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PETALING JAYA: Malaysia expects higher demand for crude palm oil from India as the country has increased the import tax on refined palm oil from Malaysia.
India, the world’s biggest importer of vegetable oil, said in a government statement on Wednesday that it raised the tax on Malaysian refined palm oil from 45 per cent to 50 per cent until March 2, 2020 to curb imports and boost local refining.
The country had imposed a 40 per cent import tax on crude palm oil (CPO) and 50 per cent on refined palm oil, but under an agreement with Malaysia, since January this year shipments of refined palm oil from Malaysia had been taxed at 45 per cent.
Malaysian Palm Oil Council chief executive officer Datuk Kalyana Sundram said India had imported substantial quantities of Malaysia’s refined palm oil in the last few months due to the lower tax — in the first half of 2019, the imports jumped 727 per cent from the same period a year before.
“Because of tax differentiation, we expect CPO will start finding its way into the India market now. We will see what the Indian importers will start doing,” he told reporters on the sidelines of the “Love My Palm Oil” carnival organised by MPOC in collaboration with Mydin Mohamed Holdings Bhd (Mydin).
The carnival was launched by Primary Industries Minister Teresa Kok Suh Sim. Also present was Mydin managing director Datuk Wira Ameer Ali Mydeen.
Kalyana noted that the increase in import duty would create a level playing field for Indonesian palm oil, which in the coming months is anticipated to eat into Malaysia’s refined palm oil market share.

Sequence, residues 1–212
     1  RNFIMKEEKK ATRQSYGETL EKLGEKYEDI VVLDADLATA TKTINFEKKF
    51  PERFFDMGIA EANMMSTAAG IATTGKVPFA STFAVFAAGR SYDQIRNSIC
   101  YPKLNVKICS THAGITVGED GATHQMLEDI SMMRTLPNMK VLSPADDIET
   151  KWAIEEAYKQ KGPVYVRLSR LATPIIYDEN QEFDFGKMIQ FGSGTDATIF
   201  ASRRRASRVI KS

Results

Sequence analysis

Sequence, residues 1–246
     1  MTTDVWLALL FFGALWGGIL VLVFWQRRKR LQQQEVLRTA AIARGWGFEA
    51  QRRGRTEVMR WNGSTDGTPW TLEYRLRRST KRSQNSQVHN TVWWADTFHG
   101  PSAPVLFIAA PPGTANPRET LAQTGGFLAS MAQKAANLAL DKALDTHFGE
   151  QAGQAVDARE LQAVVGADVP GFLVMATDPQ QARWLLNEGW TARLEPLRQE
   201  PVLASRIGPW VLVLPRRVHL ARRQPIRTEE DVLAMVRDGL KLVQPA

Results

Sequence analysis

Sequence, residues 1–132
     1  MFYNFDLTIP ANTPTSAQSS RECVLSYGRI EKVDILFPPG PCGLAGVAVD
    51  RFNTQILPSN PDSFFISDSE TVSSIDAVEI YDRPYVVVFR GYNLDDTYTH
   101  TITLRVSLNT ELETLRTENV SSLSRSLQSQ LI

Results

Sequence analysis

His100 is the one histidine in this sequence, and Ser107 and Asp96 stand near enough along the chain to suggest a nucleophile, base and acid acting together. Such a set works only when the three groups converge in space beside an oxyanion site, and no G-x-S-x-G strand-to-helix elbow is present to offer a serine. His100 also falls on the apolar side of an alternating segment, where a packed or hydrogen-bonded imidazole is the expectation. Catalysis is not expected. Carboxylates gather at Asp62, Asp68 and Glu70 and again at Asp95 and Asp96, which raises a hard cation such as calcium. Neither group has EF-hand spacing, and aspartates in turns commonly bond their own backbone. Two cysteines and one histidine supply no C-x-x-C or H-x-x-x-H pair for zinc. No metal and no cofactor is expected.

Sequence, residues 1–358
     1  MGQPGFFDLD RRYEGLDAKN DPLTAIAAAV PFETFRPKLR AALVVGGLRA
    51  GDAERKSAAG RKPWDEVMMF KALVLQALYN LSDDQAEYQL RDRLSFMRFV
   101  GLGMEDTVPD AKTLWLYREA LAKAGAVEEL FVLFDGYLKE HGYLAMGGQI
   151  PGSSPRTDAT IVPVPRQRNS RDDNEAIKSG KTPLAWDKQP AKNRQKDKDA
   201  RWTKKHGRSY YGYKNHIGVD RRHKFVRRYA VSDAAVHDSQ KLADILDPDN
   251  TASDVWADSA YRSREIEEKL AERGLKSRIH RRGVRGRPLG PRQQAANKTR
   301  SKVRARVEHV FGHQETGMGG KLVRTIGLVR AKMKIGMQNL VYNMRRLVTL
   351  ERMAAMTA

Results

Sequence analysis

However, he added there is still an opportunity for CPO as the commodity from Malaysia is still duty-free and would continue to be imported by Indian refiners. — Bernama
KUALA LUMPUR: Malaysian palm oil stockpiles are forecast to fall for a sixth straight month in August to the lowest in more than a year, as stronger exports outpace a slight rise in output, a Reuters survey showed.
Inventories in Malaysia, the world’s second-largest palm oil producer, are expected to fall 7.1% from the previous month to 2.22 million tonnes at end-August, the lowest since July 2018, according to a median estimate of seven planters, traders and analysts polled by Reuters.
A further inventory decline could support benchmark palm oil prices, which rose to a seven-month high last week. Prices have since eased, but was last up 0.3% at RM2,187 ($521.96) on Thursday evening.
The expected drawdown in stocks was due mainly strong gains in exports, which were seen rising 14.5% from July to 1.70 million tonnes in August. It would be the second consecutive month of gains, and the sharpest monthly rise since March, with poll respondents pointing to increasing demand from India and China.
India, the world’s largest edible oils importer has posted a strong jump in imports of refined palm oil from Malaysia this year following a change in Indian duties. On Wednesday it boosted the tax for six months.
China, another key edible oils buyer, has also been relying on palm as a soyoil substitute, as a trade war with the US has curbed soybean imports after Beijing imposed tariffs on American cargoes.
The survey pegged August output at 1.77 million tonnes, up 1.8% from the previous month, to the highest since December 2018, although three poll respondents forecast falling output.
“Production in many regions was down month-on-month during the first half of August, partly due to the dry weather,” said a manager at a plantations company, who declined to be named as he was not authorized to speak to the media.
“However, rains during the last 10 days of the month, especially in East Malaysia, after a relatively long dry spell have given a boost in production.”
Poll respondents added that output would rise from now until the year-end, estimating peak production to be around October to November this year. – Reuters